A reader read a piece on this blog about the washing of the feet of women on Holy Thursday and decided to approach the liturgy office of his local diocese.
He received this response.
For now I will edit out the location and the names of the people.
The Congregation for Divine Worship should receive a copy of the response for their opportune knowledge. They will I am sure be interested to have this clarified for them.
Pay attention to the issue of "reprobation".
"Reprobate" means to abolish something in a quite severe way so as to make it impossible to appeal to custom even after future violations of law over a long time (as was the case with altar girls, etc. etc.). But we are not talking about "reprobate" here, but "abrogate".
And so they appeal to "custom" so as to override anything Rome has legislated or clarified about the legislation.
February 23, 2009
Bishop XXXXXXXX has asked me to reply on his behalf to your recent e-mail.
In answer to your question ("Should not the May 2008 response from the CDWDS take precedence over the February 1987 article from the USCCB?), the answer is "no." The letter that you reference is a private correspondence, which in the system of Canon Law carries no juridical weight. Father Ward, from the Congregation for Divine Worship and the Discipline of the Sacraments, simply reiterated the content of the law and left its application to the diocesan bishop.
To understand the Congregation’s mind in this matter, it is important to recall that Seán Cardinal O’Malley, OFM Cap, did not wash the feet of women on Holy Thursday when he first arrived in Boston. Subsequent to a private exchange of letters with the Congregation, he changed his practice. In other words, the guidance offered by the United States Conference of Bishops that this is a pastoral issue best resolved by the bishop in his diocese stands as the norm in this country, a norm that has never been reprobated [it has to be reprobated before anyone will believe it should not be done?] by the Vatican (though the Congregation has had ample opportunities to do so). As the USCCB website states, "This is the latest statement of this Secretariat on the question. No subsequent legislation or instructions have necessitated a modification in the statement."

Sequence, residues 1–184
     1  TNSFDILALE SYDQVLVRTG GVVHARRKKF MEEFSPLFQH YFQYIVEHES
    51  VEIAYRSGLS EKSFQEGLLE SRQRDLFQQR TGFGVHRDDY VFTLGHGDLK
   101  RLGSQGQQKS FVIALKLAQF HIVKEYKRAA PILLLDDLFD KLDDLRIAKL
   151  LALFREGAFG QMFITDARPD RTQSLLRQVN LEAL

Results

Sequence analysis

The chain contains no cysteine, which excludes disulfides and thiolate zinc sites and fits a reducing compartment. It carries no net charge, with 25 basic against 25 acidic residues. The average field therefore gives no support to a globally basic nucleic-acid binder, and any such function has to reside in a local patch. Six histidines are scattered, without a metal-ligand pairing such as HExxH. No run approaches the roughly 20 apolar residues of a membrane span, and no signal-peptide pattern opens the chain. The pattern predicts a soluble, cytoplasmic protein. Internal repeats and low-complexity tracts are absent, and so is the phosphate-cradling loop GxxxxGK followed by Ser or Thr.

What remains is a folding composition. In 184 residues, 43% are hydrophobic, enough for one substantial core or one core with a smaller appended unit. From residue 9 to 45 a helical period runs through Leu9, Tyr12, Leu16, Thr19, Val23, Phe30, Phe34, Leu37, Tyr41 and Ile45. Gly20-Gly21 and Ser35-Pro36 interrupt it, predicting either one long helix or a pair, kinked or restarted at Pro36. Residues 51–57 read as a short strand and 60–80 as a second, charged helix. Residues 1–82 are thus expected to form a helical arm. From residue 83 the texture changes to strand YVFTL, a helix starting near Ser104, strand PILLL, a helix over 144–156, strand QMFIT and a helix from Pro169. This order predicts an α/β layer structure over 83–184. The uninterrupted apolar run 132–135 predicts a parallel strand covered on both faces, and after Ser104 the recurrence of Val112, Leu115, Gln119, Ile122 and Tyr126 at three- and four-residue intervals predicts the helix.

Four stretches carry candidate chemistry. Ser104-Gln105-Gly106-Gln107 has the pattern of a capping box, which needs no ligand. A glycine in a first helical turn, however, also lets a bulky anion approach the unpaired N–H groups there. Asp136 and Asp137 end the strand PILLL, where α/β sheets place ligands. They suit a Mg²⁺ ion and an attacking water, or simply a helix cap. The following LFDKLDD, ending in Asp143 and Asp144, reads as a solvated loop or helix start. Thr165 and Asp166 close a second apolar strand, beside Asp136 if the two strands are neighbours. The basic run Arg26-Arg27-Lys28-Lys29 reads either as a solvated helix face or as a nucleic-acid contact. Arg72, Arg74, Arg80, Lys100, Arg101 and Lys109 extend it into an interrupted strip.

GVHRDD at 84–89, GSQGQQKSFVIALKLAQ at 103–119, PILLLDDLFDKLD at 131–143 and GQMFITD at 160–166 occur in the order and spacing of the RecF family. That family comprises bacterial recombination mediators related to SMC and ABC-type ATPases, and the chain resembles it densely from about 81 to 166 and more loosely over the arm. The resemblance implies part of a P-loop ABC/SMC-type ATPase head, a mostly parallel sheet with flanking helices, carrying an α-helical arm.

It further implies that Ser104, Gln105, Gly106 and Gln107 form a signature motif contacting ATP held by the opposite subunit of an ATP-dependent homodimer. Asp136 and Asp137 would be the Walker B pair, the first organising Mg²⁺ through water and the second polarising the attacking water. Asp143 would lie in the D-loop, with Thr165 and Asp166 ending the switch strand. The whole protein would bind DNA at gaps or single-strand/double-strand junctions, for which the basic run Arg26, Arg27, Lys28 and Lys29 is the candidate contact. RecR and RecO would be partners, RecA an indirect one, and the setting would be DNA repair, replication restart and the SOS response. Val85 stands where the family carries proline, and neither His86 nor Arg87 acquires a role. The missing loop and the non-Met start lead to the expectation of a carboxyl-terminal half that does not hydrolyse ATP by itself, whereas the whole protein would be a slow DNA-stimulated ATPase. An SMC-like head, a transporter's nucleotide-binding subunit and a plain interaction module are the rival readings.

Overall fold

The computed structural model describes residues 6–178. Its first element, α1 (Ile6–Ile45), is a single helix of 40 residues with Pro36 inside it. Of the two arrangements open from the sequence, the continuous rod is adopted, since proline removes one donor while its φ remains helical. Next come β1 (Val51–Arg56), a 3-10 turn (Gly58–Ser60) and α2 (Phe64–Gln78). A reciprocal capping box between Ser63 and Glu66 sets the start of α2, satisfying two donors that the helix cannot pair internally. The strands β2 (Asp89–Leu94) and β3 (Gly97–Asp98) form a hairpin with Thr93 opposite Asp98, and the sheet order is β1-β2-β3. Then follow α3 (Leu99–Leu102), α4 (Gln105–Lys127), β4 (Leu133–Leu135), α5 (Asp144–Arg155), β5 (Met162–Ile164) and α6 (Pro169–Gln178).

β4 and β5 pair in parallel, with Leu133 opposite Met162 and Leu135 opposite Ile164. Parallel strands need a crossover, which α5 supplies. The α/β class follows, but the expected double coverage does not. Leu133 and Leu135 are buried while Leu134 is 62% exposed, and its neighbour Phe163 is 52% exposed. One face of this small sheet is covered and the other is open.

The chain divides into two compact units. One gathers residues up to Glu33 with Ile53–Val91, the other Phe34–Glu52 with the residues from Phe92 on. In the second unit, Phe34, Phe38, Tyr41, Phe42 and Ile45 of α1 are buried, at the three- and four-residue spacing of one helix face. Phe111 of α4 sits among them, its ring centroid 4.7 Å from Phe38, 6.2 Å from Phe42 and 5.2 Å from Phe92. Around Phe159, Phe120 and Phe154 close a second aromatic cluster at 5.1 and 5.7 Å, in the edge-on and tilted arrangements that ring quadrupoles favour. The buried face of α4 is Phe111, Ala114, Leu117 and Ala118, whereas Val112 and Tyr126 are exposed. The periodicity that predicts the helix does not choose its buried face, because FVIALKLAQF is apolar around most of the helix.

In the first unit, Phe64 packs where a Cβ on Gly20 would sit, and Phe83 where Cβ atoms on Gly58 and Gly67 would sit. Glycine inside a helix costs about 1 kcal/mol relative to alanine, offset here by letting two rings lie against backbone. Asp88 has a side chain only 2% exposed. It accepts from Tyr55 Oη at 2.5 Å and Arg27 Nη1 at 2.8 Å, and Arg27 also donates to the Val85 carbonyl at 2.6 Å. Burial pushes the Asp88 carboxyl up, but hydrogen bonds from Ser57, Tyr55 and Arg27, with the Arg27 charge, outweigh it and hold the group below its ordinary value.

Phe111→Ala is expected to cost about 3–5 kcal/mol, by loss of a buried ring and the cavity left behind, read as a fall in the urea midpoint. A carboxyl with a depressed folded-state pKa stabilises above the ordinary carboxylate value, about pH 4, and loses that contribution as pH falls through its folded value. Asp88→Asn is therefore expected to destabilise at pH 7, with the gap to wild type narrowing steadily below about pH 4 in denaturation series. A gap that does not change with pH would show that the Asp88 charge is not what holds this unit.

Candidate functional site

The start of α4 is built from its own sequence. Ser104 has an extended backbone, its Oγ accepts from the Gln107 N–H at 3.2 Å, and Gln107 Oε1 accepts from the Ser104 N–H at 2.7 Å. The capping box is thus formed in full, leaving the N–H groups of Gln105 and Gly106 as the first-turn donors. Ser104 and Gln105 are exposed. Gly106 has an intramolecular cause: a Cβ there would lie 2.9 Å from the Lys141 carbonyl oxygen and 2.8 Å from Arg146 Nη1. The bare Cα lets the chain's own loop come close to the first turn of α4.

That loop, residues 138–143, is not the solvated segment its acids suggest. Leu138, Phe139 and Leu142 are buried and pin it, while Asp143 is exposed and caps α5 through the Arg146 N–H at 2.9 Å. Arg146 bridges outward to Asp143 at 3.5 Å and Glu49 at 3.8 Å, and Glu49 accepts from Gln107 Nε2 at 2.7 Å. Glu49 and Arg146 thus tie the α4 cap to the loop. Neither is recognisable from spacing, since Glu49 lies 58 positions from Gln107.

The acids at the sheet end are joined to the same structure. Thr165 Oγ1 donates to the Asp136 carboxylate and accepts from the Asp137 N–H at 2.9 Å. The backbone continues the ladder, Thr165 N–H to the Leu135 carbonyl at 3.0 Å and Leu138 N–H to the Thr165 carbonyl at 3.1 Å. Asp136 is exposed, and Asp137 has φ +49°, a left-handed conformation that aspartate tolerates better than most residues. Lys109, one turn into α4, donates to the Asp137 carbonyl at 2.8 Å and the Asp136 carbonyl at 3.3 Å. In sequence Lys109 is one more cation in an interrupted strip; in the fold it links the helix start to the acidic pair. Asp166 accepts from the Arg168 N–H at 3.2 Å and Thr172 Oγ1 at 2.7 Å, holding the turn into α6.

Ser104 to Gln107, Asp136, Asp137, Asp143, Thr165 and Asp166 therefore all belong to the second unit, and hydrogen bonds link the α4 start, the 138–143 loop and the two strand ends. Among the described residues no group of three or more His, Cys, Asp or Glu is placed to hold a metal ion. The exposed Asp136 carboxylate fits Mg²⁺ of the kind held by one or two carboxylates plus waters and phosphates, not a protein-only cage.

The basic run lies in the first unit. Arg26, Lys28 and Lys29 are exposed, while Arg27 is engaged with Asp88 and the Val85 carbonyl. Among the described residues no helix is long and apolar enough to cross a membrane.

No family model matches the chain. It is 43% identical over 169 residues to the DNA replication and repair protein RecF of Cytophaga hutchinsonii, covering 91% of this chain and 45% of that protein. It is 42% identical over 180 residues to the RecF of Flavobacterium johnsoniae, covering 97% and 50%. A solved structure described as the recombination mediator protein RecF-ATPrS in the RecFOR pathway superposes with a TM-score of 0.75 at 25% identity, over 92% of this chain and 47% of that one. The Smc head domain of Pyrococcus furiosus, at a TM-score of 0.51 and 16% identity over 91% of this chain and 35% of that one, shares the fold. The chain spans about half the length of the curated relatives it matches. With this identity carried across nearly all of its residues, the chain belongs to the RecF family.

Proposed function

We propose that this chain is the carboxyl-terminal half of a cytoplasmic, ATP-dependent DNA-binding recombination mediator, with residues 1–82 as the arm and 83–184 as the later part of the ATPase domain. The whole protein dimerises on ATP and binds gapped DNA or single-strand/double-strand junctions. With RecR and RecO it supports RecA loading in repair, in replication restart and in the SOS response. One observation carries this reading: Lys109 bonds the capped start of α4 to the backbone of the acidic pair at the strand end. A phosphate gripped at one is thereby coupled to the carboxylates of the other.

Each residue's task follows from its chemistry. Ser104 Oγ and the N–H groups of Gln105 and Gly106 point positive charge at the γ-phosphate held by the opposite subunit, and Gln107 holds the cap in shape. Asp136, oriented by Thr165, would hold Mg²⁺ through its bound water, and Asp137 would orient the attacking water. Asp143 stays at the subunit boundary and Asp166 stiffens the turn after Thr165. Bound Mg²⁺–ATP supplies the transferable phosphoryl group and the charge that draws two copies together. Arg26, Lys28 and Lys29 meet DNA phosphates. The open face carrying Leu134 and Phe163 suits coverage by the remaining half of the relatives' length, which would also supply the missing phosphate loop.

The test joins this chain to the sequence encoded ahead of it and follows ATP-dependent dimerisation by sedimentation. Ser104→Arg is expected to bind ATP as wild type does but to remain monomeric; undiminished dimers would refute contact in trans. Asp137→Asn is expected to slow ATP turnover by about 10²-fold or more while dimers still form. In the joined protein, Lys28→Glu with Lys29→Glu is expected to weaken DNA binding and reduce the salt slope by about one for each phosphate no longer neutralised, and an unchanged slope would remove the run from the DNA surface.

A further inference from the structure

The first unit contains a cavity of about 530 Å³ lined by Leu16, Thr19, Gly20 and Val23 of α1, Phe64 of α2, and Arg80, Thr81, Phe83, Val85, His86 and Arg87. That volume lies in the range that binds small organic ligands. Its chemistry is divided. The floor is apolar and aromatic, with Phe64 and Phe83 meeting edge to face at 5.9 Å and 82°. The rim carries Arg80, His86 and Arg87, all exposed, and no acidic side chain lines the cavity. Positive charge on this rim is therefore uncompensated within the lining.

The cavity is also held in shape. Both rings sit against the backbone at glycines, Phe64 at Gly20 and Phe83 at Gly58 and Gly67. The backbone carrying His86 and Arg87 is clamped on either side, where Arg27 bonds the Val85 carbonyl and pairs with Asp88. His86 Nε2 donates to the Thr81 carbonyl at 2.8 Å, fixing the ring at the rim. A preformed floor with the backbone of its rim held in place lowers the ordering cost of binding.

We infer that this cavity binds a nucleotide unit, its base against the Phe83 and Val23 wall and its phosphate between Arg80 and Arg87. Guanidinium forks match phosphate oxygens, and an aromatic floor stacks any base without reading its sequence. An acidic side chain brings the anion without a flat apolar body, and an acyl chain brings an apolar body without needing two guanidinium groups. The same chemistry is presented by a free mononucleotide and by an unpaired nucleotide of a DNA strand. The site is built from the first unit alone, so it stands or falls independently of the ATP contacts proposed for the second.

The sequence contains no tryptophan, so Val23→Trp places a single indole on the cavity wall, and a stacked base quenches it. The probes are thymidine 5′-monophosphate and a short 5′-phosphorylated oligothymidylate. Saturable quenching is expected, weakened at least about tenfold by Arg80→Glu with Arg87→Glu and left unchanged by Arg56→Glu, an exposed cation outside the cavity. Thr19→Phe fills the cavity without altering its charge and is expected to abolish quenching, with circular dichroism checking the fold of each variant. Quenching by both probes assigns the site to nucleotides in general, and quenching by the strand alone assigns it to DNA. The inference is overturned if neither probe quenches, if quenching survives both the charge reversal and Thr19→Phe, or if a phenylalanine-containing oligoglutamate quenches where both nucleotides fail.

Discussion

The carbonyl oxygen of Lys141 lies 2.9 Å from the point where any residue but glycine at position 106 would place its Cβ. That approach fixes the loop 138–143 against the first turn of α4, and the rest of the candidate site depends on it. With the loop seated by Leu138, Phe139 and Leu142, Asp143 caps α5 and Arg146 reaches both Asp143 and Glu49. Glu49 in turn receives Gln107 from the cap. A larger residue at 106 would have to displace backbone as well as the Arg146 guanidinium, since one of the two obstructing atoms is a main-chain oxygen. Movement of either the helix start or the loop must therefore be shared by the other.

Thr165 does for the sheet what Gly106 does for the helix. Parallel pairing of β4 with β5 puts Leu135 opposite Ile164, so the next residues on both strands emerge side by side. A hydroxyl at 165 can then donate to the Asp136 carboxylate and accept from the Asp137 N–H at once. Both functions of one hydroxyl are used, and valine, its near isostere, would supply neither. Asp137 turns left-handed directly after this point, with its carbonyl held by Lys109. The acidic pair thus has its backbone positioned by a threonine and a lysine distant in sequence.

Most importantly, it must be remembered that in the system of Canon Law, the customs of dioceses and parishes must also be respected, as "Custom is the best interpreter of the law" (c. 23). [contra legem custom]
You also asked if reserving the mandatum to men would "present a teachable moment for those who mistakenly believe the Church could ordain women to the priesthood." Again, the answer is "no." [Really? Does he has a crystal ball?] As clearly stated in the 1988 Circular Letter from the Congregation for Divine Worship and the Discipline of the Sacraments, Paschale Solemnitatis, the washing of the feet "represents the service and charity of Christ, who came ‘not to be served, but to serve," (#51). [It has no other reason?] The same emphasis on charity and service, to which all the faithful are called, is found in the 1955 reform of the Holy Week rites promulgated by Pope Pius XII, when this practice was restored. Neither then, nor in any subsequent document, is there any mention of reading into the liturgical enactment of the footwashing a commentary on ordination. [Perhaps violation of the clear Holy Thursday rubrics might send a message too.]
I hope this relieves any anxiety [A weasel phrase. Do you think it did?] that parishes choosing to include women in the mandatum are in any way acting in a fashion contrary to what the Church allows.
Sincerely in Christ,
Director of Liturgy and XXXXXXXX
In the meantime, here is a photo of the rubric on p. 300 of the 2002 Missale Romanum.